The holiday season is here. Kids bouncing with excitement, parties and Christmas shopping in full swing. A time for family, friends and to look ahead to a new year refreshed after a well earned break.
Yet, as well as illuminating our Christmas trees, this time of year also highlights a huge problem facing society - insecure work.
The rise of online shopping has been revolutionary – who doesn’t like the ability to click on your phone and have a toaster arrive in time for breakfast the next morning?
But, behind convenience lies the reality of 21st century work. Online shopping relies on huge mass distribution sheds, workplaces that have many parallels with the dark satanic mills of a different era;
Amazon’s warehouses are named ‘fulfilment centres’. The irony. It is hardly fulfilling for the hundreds of Amazon workers who have required medical attention, with the GMB documenting over 600 hundred ambulance call-outs to Amazon warehouses over a three year period.
In the Midlands, Amazon’s Rugeley site had 115 ambulance call-outs during this period for incidents that include major trauma, maternity concerns, electrocution, unconsciousness and chest pains.
As a point of comparison, at a similar sized supermarket distribution warehouse a few miles away, there were just eight call outs during the same period.
The difference? The supermarket distribution centre is unionised.
Fancy buying some sports clothing as a prezzie? Rather than Amazon you click on Sports Direct, its quick, cheap and convenient. But, like Amazon, the same story exists.
The Sports Direct central distribution centre is an 800,000 Square foot warehouse in Shirebrook, on the very site of the Shirebrook Colliery that closed in 1993. Irony. Again.
Coal mining was hard work. It was dangerous. Families didn’t want their kids to go down the mine. Let’s not romanticise the past. But what did exist was decently paid jobs, secure work and the ability to build a life for you and your family. And pride. Pride in the work, pride in the community. People walked tall.
The contrast with the today is staggering. 2016 figures identified a workforce of just 500 permanent staff with around 3,500 agency workers. Unite described the site as a “gulag" and as a "workhouse, not a warehouse." The union have done fantastic work in exposing the "culture of fear" that exists with workers scared to speak up as they know they could lose their employment at any moment, with one worker giving birth in the toilets as they were too scared not to be at work.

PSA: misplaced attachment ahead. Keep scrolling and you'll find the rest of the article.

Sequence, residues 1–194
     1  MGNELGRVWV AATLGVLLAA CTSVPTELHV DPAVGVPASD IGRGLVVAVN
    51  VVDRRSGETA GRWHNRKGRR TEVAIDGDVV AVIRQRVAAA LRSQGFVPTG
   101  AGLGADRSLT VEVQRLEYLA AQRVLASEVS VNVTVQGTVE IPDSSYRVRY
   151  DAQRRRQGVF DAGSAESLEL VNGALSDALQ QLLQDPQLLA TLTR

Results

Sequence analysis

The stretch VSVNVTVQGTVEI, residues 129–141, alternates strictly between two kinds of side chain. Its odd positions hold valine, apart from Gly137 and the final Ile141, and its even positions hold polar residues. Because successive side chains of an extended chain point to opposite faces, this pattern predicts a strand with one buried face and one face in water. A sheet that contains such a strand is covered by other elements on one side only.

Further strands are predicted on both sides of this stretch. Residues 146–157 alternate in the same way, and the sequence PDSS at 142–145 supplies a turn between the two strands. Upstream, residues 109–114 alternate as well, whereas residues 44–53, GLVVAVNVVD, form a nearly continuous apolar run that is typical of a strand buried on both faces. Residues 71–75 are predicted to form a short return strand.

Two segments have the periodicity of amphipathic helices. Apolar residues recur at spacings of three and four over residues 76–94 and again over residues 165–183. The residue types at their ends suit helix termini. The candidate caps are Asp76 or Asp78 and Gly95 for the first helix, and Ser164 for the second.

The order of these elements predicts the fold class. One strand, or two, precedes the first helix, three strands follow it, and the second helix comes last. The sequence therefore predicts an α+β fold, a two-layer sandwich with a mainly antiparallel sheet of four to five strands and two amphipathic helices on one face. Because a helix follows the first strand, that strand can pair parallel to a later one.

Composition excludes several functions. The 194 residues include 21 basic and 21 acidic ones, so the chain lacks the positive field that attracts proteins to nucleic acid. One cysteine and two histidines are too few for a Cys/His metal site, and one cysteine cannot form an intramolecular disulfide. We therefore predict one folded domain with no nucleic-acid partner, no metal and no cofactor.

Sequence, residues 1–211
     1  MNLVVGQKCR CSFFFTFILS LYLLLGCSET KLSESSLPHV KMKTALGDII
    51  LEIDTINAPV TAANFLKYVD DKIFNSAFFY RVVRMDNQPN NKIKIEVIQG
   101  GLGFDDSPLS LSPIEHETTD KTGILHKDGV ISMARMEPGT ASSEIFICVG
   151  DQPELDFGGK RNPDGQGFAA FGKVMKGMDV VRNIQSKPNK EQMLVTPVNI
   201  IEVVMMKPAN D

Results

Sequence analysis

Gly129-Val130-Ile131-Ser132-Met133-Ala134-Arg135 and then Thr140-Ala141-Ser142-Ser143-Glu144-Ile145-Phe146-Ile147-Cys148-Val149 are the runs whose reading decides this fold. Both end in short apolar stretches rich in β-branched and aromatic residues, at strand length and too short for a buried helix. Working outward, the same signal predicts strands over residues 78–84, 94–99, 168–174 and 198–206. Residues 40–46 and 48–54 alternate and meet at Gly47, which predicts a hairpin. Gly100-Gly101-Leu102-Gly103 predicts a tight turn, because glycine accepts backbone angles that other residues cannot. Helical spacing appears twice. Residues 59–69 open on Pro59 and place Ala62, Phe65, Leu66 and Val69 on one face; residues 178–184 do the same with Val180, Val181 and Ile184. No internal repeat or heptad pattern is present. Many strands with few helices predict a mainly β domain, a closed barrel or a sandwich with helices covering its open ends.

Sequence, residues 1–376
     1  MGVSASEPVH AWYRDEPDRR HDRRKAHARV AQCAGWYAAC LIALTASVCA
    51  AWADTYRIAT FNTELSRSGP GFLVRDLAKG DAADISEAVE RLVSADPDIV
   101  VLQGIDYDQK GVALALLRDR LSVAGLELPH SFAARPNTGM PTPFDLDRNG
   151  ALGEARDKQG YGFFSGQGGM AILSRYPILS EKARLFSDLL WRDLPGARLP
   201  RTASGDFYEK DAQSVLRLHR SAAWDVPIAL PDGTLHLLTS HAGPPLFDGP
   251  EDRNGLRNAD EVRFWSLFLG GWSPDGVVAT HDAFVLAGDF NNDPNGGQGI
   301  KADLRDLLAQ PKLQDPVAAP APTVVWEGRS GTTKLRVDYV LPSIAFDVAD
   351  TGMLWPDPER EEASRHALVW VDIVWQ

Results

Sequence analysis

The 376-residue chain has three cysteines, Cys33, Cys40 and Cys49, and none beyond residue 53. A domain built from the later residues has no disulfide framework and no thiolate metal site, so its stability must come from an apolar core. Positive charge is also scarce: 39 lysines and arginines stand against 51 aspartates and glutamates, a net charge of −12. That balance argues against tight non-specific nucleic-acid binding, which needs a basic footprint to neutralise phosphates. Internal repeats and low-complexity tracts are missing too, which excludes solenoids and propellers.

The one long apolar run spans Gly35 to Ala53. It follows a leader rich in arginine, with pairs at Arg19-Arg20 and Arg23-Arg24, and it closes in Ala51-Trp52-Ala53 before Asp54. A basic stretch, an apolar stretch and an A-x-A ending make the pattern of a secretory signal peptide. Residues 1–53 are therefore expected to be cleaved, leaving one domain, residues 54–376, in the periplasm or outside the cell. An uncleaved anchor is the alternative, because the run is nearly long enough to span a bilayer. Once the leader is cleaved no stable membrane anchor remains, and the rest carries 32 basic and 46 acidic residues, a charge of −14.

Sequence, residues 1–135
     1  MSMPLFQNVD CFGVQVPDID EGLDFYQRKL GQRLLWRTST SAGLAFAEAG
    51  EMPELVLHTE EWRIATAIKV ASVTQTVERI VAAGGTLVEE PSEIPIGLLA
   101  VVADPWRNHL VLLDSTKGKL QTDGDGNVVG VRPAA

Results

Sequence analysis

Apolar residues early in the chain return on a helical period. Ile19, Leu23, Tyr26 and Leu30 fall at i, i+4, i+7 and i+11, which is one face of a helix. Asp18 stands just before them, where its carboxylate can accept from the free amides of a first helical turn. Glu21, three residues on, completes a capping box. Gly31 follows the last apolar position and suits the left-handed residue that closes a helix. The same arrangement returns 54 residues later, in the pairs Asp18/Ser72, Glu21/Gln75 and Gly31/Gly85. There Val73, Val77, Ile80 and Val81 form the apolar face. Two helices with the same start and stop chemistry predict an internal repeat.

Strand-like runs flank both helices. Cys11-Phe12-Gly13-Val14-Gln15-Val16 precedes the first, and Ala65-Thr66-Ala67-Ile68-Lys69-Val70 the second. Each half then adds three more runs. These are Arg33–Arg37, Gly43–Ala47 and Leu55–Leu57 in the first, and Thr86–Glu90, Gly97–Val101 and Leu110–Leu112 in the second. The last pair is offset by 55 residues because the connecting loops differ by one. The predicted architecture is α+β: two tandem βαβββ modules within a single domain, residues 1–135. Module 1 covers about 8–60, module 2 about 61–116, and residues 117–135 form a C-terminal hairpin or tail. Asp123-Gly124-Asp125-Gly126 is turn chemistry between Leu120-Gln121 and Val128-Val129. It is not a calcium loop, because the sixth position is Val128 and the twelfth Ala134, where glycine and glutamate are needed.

Pride v Fear. Secure v Agency work. Unionised v non-unionised. The story of Shirebrook is one that we should all know.
But then insecure work moves from the warehouses and onto the road with the parcel delivery business. According to the GMB around 3/4 of all delivery drivers are now “self-employed”, working for a host of differing delivery companies, a world away from 10-15 years ago when the vast majority of drivers were directly employed.
And this industry gives the lie to this form of ‘self-employment’. Drivers wear uniforms, are pushed to the limit by bosses eager to squeeze yet more 'productivity'. And, of course, bogus ‘self-employment’ means drivers use their own vehicles, cover their fuel costs and don't have rights to sick or holiday pay or protection against unfair dismissal.
In this world flexibility is a one way street. Pay is eroded, security is taken away and working people suffer.
This is exploitation. This is wrong, This must change.
The thing is, we’ve been here before.
The rampant exploitation of the 19th Century was eventually tamed by union organising and campaigning. A significant milestone was reached with the establishment in 1909 of trade boards that set a floor in the most exploited industries.
The politician who introduced the legislation, a man named Winston Churchill.
Churchill, went on:
It was formerly supposed that the working of the laws of supply and demand would naturally regulate or eliminate that evil and ultimately produce a fair price …"
But where you have what we call sweated trades, you have no organisation, no
parity of bargaining, the good employer is undercut by the bad, and the bad employer is undercut by the worst . Where those conditions prevail you have not a condition of progress, but a condition of progressive degeneration."
The race to the bottom so eloquently identified by Churchill is back with a vengeance. Our campaigning and insistence that things can – and must – be better has to return with equal gusto.
We need modern trade boards – sectoral collective bargaining – to turn the tide against one-way flexibility. To support workers and the best employers and to cut away the exploitation that enables the worst to thrive.
We’ve done it before, we can do it again. Insecurity, inequality and exploitation isn’t a given. It’s a political choice. As we move into the 2020’s it’s time to learn the lessons of the past.
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